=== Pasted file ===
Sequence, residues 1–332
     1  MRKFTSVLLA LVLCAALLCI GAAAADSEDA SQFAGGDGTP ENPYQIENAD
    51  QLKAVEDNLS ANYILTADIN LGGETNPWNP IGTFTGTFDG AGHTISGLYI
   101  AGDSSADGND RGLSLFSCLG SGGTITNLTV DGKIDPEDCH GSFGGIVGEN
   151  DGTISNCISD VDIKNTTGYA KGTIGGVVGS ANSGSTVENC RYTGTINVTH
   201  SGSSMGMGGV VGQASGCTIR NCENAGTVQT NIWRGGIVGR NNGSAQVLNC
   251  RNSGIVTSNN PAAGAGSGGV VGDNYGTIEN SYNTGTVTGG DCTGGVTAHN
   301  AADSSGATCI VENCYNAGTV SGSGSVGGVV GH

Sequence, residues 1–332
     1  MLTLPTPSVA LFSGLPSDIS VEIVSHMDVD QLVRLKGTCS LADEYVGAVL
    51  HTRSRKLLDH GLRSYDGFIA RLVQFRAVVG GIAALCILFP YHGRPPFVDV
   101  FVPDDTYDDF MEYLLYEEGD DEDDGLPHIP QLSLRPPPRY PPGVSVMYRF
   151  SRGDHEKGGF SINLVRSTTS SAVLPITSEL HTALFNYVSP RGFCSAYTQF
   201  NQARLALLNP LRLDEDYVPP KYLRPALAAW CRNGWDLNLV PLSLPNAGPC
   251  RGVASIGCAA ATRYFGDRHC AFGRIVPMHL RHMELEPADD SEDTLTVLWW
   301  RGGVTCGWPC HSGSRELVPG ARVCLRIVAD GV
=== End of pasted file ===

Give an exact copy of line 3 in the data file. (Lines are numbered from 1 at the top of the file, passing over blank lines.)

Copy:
    51  QLKAVEDNLS ANYILTADIN LGGETNPWNP IGTFTGTFDG AGHTISGLYI